BBSRC Institute Strategic Programme: Delivering Sustainable Wheat (DSW) Partner Grant

Lead Research Organisation: University of Leeds
Department Name: Sch of Biology

Abstract

Delivering Sustainable Wheat (DSW) programme is needed because wheat is an indispensable global staple and the major crop of the UK and Western Europe. Wheat will play a crucial part in feeding a world population of 10B by 2050 but its production is fragile as more than half the world supply is from just five countries. This fragility has been tragically demonstrated by the war in Ukraine, an important wheat exporter. Future increases in wheat production have to be achieved without equivalent growth in fertiliser (nitrogen fertilisers are a major source of greenhouse gasses) and water use (all wheat growing regions suffer ground water decline). While facing these challenges farmers are also confronted with yield limiting effects of climate change and new diseases. Adaptations are needed to achieve sustainable production in the coming decades. Wheat also plays an important role in delivering human nutrition. With further enhancements reductions in human misery and healthcare costs are possible by filling dietary gaps with more nutritious wheat. DSW will form a uniquely coordinated UK contribution n to these challenges with strong linkages to the international wheat community. It is in a strong position to do this because the current wheat programme (DFW) has developed world leading experimental platform for wheat research. Extensive specialist gene discovery populations allow us to sample the majority of natural diversity available and to show which elements of this diversity are useful for breeders in tackling the challenges described. DFW uncovered the genetic code for 1000s of these lines. This means that after locating useful genes DSW can understand their role in molecular networks controlling targeted characteristics. With gene editing the function of these DNA changes will be proved. These tools and resources, accessible because of open and fair data access, are powerful but need to be directed towards the right questions. DSW is focussed on crop characteristics chosen in long term discussion with the widest possible group of wheat experts. It will advance understanding of yield determination to increase
productivity without equal rates of increase in fertiliser use, so minimising CO2 emissions. Alternative strategies of wheat development which increases yield with minimal sensitivity to temperature will be uncovered. DSW will even investigate how wheat can be a CO2 sink and achieve Net Zero status, for example by deep rooting and assess these new characteristics in farming systems that reflect changes in agriculture, such as the move from ploughing to reduced cultivation practices. This research depends on a deep understanding of the dynamic process of photosynthesis. DSW will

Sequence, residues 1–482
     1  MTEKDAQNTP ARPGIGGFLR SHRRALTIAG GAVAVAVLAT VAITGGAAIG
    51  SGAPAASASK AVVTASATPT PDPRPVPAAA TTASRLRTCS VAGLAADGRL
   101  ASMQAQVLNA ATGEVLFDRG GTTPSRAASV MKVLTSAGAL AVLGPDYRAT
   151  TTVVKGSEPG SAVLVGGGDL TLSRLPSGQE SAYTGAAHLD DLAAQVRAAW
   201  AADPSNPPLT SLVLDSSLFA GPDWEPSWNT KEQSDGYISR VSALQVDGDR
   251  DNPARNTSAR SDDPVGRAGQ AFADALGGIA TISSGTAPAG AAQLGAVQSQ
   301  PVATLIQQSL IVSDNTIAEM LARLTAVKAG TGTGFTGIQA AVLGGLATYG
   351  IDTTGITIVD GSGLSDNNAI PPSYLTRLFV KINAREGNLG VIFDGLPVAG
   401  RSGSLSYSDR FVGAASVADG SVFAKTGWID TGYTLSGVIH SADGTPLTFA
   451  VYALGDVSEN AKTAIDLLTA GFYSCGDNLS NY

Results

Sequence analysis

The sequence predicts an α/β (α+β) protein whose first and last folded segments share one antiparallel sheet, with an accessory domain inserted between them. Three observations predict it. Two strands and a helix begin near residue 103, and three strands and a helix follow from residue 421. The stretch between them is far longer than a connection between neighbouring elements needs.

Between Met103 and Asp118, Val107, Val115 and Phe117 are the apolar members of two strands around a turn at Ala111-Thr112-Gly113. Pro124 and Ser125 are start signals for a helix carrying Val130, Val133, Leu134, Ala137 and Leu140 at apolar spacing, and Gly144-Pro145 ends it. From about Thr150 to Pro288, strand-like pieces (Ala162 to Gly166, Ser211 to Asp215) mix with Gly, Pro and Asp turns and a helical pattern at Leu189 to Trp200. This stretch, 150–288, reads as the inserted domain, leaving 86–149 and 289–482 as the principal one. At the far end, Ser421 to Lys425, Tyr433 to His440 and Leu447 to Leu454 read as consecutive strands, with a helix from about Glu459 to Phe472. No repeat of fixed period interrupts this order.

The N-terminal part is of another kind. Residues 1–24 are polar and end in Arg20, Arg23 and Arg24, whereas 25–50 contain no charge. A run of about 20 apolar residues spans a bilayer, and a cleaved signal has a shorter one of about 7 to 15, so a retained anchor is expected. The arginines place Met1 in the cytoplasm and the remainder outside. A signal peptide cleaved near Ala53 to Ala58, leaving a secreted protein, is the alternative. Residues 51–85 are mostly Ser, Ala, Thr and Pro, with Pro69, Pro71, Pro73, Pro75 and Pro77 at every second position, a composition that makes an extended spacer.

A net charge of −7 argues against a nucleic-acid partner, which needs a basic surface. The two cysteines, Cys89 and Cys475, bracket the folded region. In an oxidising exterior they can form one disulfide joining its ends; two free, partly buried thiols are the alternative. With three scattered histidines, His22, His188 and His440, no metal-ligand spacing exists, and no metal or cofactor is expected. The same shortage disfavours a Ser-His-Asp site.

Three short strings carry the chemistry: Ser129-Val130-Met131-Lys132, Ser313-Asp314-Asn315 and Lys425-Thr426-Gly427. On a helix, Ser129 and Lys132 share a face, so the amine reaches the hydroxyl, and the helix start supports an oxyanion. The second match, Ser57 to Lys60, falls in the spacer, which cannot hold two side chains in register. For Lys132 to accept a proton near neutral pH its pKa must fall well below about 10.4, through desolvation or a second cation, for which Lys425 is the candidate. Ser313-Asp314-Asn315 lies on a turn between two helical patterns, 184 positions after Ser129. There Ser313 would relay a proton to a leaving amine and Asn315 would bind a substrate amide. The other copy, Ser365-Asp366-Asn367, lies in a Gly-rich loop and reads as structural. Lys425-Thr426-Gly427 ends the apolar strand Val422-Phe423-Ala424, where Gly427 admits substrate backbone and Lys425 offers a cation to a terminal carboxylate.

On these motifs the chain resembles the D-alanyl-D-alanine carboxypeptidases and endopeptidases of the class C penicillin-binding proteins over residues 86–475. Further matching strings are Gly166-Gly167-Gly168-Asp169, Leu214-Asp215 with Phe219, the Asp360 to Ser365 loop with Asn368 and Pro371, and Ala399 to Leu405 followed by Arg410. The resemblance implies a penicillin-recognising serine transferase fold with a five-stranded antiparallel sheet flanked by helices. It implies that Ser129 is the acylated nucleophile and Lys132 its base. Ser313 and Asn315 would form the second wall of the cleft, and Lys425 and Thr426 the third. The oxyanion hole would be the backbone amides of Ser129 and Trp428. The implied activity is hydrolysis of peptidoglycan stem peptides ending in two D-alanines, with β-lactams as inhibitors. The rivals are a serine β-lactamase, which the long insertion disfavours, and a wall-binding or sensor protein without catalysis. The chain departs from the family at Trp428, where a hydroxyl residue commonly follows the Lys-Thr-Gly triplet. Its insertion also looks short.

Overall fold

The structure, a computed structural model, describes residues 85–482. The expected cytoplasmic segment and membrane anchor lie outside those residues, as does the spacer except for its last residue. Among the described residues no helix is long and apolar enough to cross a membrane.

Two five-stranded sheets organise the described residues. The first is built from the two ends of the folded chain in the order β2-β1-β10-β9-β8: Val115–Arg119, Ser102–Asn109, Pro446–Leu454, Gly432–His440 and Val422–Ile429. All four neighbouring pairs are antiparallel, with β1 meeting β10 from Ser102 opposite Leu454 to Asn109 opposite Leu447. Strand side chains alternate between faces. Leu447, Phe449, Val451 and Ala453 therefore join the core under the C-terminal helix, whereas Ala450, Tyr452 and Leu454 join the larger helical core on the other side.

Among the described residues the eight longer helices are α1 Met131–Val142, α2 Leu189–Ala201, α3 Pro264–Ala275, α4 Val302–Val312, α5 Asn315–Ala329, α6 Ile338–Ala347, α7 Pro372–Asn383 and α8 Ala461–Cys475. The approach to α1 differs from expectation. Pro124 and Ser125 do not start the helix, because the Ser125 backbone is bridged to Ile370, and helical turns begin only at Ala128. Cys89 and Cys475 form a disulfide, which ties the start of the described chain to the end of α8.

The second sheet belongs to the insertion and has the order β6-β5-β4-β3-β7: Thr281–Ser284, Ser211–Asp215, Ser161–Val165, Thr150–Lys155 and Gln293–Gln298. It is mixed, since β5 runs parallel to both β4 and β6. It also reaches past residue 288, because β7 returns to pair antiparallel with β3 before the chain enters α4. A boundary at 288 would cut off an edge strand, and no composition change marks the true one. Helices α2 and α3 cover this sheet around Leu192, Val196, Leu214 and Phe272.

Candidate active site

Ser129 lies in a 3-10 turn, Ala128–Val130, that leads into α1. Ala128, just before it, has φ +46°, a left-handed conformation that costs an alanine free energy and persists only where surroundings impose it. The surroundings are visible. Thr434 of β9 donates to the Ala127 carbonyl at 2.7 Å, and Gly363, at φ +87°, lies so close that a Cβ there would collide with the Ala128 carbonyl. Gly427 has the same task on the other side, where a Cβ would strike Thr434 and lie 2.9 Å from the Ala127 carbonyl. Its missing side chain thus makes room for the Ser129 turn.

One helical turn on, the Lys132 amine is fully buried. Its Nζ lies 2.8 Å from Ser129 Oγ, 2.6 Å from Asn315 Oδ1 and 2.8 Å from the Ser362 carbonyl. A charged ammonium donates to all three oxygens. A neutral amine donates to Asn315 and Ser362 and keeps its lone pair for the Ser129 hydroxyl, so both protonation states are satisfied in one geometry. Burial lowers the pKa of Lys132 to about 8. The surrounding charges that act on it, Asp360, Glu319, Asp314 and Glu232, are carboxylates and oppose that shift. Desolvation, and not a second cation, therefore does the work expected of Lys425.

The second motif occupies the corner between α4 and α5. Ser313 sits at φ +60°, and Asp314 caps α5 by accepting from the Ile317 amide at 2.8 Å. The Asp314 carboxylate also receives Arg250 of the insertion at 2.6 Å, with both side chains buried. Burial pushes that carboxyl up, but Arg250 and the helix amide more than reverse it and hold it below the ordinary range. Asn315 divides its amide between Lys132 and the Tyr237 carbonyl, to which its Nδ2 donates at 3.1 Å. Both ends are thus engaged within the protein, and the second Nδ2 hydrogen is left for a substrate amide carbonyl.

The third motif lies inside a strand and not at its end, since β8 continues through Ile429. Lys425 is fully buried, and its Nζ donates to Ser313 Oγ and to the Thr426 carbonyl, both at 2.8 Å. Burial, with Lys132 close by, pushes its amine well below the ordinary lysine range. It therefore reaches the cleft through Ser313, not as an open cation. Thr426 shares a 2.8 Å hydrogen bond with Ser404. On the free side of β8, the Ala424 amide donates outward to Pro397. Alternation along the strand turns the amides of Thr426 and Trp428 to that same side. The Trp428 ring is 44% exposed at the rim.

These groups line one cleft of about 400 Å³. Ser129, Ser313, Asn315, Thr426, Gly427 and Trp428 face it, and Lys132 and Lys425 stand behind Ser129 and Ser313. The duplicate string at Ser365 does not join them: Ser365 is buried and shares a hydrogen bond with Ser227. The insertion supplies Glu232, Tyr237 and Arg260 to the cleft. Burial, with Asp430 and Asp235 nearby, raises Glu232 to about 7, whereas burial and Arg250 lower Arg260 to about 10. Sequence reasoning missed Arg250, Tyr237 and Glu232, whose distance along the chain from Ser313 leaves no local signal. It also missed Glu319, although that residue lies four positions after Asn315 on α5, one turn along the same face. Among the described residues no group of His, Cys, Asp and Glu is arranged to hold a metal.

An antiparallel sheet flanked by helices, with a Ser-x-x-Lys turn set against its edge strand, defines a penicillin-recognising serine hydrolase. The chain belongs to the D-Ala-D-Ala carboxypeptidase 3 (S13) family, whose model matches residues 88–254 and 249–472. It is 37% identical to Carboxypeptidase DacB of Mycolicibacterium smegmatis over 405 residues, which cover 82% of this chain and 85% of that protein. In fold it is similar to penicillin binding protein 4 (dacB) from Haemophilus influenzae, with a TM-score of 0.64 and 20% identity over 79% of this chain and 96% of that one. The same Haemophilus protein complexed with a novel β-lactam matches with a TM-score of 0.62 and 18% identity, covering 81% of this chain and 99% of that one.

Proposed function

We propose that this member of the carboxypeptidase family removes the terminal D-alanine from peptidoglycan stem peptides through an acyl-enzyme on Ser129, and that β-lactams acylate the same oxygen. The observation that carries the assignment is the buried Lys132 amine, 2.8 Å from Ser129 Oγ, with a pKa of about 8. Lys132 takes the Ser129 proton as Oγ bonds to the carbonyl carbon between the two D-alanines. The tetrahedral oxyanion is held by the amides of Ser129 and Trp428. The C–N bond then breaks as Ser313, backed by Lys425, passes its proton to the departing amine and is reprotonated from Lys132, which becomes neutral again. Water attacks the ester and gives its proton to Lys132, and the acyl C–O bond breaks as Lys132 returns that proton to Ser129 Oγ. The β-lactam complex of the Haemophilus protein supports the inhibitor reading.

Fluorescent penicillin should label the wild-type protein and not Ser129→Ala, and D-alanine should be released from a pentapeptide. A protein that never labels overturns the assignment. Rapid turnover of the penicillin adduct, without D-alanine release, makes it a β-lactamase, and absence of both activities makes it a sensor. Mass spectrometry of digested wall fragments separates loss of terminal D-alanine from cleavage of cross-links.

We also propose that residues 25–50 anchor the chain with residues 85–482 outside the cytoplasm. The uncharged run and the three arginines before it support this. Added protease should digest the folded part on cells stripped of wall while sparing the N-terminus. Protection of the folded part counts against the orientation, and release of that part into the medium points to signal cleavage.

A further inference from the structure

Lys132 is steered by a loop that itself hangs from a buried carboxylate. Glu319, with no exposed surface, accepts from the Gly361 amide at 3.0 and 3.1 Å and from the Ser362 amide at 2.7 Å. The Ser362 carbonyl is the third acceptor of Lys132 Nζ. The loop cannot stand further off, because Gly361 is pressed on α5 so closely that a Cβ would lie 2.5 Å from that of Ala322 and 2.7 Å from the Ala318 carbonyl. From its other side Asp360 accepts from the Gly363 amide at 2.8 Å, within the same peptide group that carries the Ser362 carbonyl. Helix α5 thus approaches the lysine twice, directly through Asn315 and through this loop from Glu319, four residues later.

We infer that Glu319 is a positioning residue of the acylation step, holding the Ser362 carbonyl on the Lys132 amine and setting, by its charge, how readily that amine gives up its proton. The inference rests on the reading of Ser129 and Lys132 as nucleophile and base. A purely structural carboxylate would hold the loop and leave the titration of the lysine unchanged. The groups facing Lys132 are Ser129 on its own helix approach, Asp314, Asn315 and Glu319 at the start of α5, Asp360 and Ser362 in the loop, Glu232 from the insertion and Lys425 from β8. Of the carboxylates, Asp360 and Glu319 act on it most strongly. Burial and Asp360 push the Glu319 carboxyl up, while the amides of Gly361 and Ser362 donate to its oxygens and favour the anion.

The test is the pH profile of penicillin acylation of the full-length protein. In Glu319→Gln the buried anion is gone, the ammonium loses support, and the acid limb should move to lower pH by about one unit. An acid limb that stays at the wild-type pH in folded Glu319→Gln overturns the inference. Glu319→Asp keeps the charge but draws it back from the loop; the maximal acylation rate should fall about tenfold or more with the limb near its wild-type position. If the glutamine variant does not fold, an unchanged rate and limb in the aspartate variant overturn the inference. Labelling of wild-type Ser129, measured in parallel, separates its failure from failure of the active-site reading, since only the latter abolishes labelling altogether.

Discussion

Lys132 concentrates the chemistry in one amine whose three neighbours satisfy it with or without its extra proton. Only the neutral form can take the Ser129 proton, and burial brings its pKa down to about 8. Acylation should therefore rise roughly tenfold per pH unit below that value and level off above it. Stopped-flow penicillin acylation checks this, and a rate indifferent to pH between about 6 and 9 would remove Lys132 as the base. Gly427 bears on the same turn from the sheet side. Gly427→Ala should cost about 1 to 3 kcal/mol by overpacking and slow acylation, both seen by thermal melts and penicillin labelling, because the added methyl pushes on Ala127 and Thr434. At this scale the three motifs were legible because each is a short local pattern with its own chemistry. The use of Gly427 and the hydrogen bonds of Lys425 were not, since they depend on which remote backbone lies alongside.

identify new disease resistances for existing disease threats and play its part in predicting new threats. Long term solutions for sustainable disease resistance will be found and incorporated into sustainable integrated pest management programmes. The goal to increase nutritional benefits of wheat will focus on Iron, Zinc, Calcium and fibre. For the first time, the wheat programme will conduct human intervention trials to provide direct evidence for the physiological benefits of nutritionally improved wheat. At the heart of the programme, open and fair data access will ensure that DSW delivers. Again, DSW has set up the platform that this excellent research can be translated into progress for plant breeders. DSW invests in pre-breeding so that the new genes, knowledge and new types of wheat feed into breeding. This highly integrated cross disciplinary programme could not be achieved by any one institution. DSW brings together the complementary skills of four research Institutes (John Innes Centre, Rothamsted, Quadram Institute, and Earlham) and five universities (Leeds, Nottingham, Lancaster, Bristol, and Imperial College) and the National Institute of Agricultural Botany.

Technical Summary

This project represents the University of Leeds contribution to the delivery of the following Institute Strategic Programme Grant: Delivering Sustainable Wheat (DSW), BB/X011003/1.
Dr Dixon's team at the University of Leeds will be providing expertise to understand the genetic and molecular components involved in the formation and maintenance of floret development and how this is regulated by environmental signals, including temperature and photoperiod. This research will contribute to WP1 (HLO1.3). Floret number is an indeterminate trait in wheat development and so offers a clear route to increase yield potential in a sustainable and environmentally responsive manner. Dr Dixon's team specialises in the role of environmental signals to control floral development. This includes the early development stages between vegetative and floral inflorescences, which includes floret regulation, through to the timing spike emergence. Our research has developed new methods to regulate vernalization, as well as characterising pathways underpinning temperature regulation. The techniques utilised range from SNP characterisation at the genetic as well as molecular interaction level through to field trial characterisation of new genetic combinations. Through working with the wider team in DSW they will be able to combine expertise to advance our understanding of how to regulate floret number. With this understanding allelic combinations can be deployed to improve wheat yield potential in a sustainable way.

Publications

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